The human journey plays out one person at at time. By following recommendations, wherever they lead, our path takes us into the unexpected, where ideas about ice, wilderness, and polar bears are challenged by stories of creativity, industry, and individuality.

    Many people in the Arctic today live in modern towns and cities, much like their neighbors to the south. People also work in the Arctic, extracting oil and gas from rich deposits beneath the permafrost, working in tourism, or conducting research. Other people in the arctic still live in small villages much the way their ancestors did.

    Arctic people today face many changes to their homes and environment. Climate change is causing sea ice to melt and permafrost to thaw, threatening coastal villages with bigger storms and erosion. And the declining sea ice means that the Arctic Ocean could open up for commercial shipping or tourist cruises.

    So, Guys what you think? Make a comment with us. Share your openion with us. And Please subscribe our channel to get more videos. Thanks for watching.


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  • Nomads In The ARCTIC - The Extreme life of Dolgan People

    6:58

    This is the life of the Dolgan nomads, peoples who move across the tundra herding reindeer in the Anabar district. It was the last amazing experience on my bicycle adventure on the world's northernmost road.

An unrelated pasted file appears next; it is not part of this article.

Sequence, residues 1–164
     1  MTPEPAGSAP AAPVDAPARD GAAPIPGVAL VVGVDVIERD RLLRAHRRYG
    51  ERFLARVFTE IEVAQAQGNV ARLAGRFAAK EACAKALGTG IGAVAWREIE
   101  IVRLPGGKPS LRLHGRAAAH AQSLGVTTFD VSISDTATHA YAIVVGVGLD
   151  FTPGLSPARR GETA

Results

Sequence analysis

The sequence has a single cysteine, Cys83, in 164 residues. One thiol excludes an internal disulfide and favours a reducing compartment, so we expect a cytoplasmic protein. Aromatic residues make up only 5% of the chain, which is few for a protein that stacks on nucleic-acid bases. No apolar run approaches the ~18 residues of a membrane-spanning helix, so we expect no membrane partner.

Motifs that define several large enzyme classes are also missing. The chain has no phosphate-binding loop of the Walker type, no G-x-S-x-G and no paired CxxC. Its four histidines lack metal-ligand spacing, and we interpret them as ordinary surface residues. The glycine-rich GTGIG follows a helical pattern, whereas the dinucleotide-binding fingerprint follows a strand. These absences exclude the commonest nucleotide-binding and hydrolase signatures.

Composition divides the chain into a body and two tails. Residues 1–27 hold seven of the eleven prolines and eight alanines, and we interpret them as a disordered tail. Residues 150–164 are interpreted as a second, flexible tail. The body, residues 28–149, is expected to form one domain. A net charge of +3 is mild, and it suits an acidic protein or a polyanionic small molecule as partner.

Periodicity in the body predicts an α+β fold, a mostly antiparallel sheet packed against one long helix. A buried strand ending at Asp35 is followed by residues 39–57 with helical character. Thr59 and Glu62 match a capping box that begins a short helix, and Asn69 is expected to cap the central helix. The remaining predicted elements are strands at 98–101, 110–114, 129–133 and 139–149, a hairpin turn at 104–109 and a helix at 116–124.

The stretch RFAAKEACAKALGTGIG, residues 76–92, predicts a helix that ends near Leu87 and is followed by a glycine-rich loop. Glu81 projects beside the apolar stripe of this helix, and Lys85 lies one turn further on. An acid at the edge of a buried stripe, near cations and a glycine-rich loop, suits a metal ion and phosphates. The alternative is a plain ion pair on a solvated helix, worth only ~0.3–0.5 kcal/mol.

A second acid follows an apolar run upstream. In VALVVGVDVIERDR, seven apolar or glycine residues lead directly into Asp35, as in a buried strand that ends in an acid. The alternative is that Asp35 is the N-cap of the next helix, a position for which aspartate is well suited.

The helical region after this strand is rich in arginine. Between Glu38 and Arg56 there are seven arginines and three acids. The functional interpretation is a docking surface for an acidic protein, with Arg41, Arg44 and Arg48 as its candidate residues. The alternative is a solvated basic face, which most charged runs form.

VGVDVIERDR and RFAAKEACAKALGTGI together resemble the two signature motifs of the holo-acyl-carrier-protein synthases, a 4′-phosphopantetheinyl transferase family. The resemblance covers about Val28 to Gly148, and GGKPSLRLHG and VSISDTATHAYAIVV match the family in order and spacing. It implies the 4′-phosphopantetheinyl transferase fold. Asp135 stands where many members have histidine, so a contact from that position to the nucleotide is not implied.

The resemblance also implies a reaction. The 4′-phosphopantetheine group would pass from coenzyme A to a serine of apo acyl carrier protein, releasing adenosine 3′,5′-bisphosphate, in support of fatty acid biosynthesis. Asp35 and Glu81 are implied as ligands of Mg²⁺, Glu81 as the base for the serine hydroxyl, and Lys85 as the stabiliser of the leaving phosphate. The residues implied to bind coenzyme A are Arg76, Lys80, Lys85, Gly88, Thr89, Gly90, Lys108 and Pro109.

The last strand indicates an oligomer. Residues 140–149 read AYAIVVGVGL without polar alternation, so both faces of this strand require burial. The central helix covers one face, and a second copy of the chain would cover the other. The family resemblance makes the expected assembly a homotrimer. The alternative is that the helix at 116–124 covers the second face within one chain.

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    Questa é la vita dei nomadi Dolgan, un popolo che si sposta nella tundra allevando le renne nel distretto di Anabar. È stata l'ultima incredibile esperienza durante la mia avventura in bici sulla strada più a nord del mondo.





    Nomads In The ARCTIC - The Extreme life of Dolgan People ( Russia, Yakutia)

  • Cash or card – will COVID-19 kill cash? | DW Documentary

    28:27

    More and more people are paying with cards or apps these days. Could COVID-19 spell the end of cash? Many people have switched to contactless payment because of fears that the coronavirus might be transmitted by bills and coins. They even use debit cards for small sums at the bakery or newsagent’s. Electronic payment systems are on the rise.

    Germany is torn. Up to now, Germans have been known for their love of cash. The country has been famously reluctant to embrace payment by card or app. But since the beginning of the coronavirus crisis more and more people have switched to paying electronically. For many months, it was unclear whether the virus could spread on paper currency and coins. It’s now believed that the risk of COVID-19 transmission on money is low. But the pandemic has amped up the trend toward cash-free payments in Germany. According to a survey by the Association of German Banks, almost 60 percent of people in Germany now pay by debit or credit card, or with smartphone apps. Marion Labouré, a strategist at Deutsche Bank and Harvard lecturer, has carried out research in this field. She says South Korea and China have even put bank notes into quarantine and destroyed bills. ‘The US Central Bank is another example,’ she adds. ‘Cash is definitely being used by fewer and fewer people. Last December, one third of Germans paid with cards or apps, now it’s about 50 percent.’